Source Gaming has reached 500 posts! It’s amazing how much the site has grown since making the first post on August 18th, 2014. Originally something I thought would be a hobby, Source Gaming has grown into a production with daily articles and translations, YouTube videos, podcasts and running an active Twitter account. There’s a lot of people involved with Source Gaming too. With over 2 million views across 500 articles, I thought it would be nice to take a moment and reflect on the content we’ve produced. Consider this post to be something like a “best of”, and I hope it introduces you to some of other articles. Let us know what content you’ve enjoyed, and didn’t like in the comment section below. Feedback is super important to us, and we wouldn’t have been able to accomplish so much without the help of our fans. So thank you for reading Source Gaming, and here’s to the next 500 posts! –PushDustIn
A difficult choice for me as I have a strong attachment to most of the posts here. If I had to pick one, I’d pick “Why Does Wario Fart?”I wrote it as a celebration of reaching 100 posts (a feat, which I have already more than doubled). It was a pure joy researching, compiling and creating that post. I really enjoy looking up information and putting sources together and I feel like Why Does Wario Fart? exemplifies that aspect of Source Gaming pretty well. For an article that I didn’t work on myself, I really enjoyed the work Soma’s done with the Sakurai on series (mentioned below!).
Personally, I don’t have a particularly strong interest in Smash 4, so I don’t really have any particular attachment to any of the Smash 4-related translations I’ve done. As a result, despite being mostly a translator, my favorite posts are actually the two writing pieces I’ve done at Source Gaming: Sakurai on Smash 64: A Phenomenon Is Born, and Sakurai on Melee: Pushing The Limits. They’re two longform-ish pieces that focus on what Sakurai’s mindset and intent might have been when developing the aforementioned games, especially as Sakurai’s feelings towards these games (specifically Melee) seems particularly complicated.
I’ve always appreciated what this site has done. Source Gaming by itself has really changed the foundation of the Smash Bros. community. A lot of misinformation that used to be believed and actually used in arguments on forums/chat sites has been practically cleared up now. The amount of passion these translators, writers and contributors have to this site is phenomenal. It’s just staggering how much the tides have changed from a couple of years ago now that a lot of misconceptions have been cleared up.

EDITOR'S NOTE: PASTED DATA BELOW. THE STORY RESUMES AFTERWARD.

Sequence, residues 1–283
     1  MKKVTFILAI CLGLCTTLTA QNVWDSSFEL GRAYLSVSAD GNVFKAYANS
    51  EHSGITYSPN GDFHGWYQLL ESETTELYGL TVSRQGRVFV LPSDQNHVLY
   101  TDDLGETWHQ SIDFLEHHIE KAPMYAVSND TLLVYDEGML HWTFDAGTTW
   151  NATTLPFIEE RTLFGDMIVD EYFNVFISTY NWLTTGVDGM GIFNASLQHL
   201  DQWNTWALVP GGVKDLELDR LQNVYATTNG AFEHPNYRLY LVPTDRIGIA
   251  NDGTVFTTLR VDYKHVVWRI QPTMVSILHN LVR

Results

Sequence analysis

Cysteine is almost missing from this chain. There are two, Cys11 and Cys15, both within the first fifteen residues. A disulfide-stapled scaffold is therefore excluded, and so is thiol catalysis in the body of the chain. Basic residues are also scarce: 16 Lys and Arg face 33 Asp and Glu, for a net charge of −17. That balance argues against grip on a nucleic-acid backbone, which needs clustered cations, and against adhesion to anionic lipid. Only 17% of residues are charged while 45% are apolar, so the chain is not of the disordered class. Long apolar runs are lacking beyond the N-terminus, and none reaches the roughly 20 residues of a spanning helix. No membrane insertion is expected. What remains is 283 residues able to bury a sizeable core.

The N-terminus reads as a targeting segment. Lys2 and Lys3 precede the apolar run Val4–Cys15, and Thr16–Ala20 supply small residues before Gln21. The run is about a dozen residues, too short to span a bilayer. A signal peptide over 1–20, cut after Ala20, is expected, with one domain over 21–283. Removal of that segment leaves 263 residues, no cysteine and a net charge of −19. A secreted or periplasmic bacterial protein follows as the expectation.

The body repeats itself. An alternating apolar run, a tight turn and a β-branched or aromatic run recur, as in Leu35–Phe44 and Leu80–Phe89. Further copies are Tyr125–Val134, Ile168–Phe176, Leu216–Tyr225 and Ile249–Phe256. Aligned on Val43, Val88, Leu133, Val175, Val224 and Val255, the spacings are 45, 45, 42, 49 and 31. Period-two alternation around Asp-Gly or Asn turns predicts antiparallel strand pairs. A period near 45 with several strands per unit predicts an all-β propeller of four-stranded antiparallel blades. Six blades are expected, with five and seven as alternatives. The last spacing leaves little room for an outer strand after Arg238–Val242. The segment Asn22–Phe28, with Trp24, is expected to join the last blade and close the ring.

I joined Source Gaming (somewhat) at the end of February. Since then, I have never regretted it one bit. The amount of fun I’ve had writing the Featured Content articles and contributing to these write-ups is impeccable. Knowing that I’m contributing to a community I love dearly really touches me and I hope it continues to be that way for a really long time. Even if things don’t last forever.
Anyways, the article I would highly recommend to people is the sources for The Definitive Unused Fighters List. While the original contains all the information, others might want to check out the actual material from which the information came from. It’s nice to have if people want to ever see the originals. I highly recommend you check it out!
At Source Gaming, we’ve provided the Smash Bros. community with so many different informative pieces. We’ve been branching out into different genres of articles ranging in themes from studies, to wishlists, to reviews, to opinion pieces and beyond. I think perhaps my favorite article was done by our own PushDustIn. It’s something I’ve reflected on many times, and I cannot commend Push enough for the work he did in compiling it. I am of course talking about the perception of Smash DLC in Japan. From my own pieces, I’ve always been fond of the Extended Mario Universe, I had a ton of fun researching into the different franchises and compiling this image together.
The article on Source Gaming that will forever be remembered by me is the article that helped me discover the site in the first place. Arguably the biggest part about the Super Smash Bros series is its characters and with this comes a lot of misconceptions so the Definitive Unused Fighter list of Unused Fighters is one of the most useful articles and sources for anyone interested in Smash’s development. This article not only clears up various fan misconceptions like Meowth and Pit for the original Super Smash Bros but also compiles all the characters that were planned and considered for each iteration of the franchise. I would never have known about Sonic actually being planned for Melee if it was not for this article. From my own articles though I recommend Nintendo History 101: Chibi-Robo. A three part series that covers the history of the franchise from released to cancelled games as well as simultaneously covering the fall of Skip Ltd. As a historian myself I was glad i could put my skills to good use while also writing about video games.
I’ve written quite a few articles since joining the Source Gaming staff, and I’ve also had the pleasure of reading the vast majority of what has been published on our site. While Source Gaming has largely (and rightfully) been known for its translations, the majority of the site’s content actually comes from original articles. I’ve always felt like these articles, when they match the site’s mission statement, are an invaluable part of Source Gaming. The article I am personally most proud of is Was DLC Planned for Smash 4. I set out to write a well sourced, researched, and interesting article that dealt with a topic that much of the Smash Bros. fan base would care to know more about. I really do think that, in this instance, I succeeded.